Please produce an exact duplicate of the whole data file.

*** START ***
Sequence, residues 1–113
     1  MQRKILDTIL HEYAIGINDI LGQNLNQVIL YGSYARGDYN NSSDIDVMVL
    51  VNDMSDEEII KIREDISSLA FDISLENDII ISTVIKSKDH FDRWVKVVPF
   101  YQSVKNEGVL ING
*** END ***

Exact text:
Sequence, residues 1–113
     1  MQRKILDTIL HEYAIGINDI LGQNLNQVIL YGSYARGDYN NSSDIDVMVL
    51  VNDMSDEEII KIREDISSLA FDISLENDII ISTVIKSKDH FDRWVKVVPF
   101  YQSVKNEGVL ING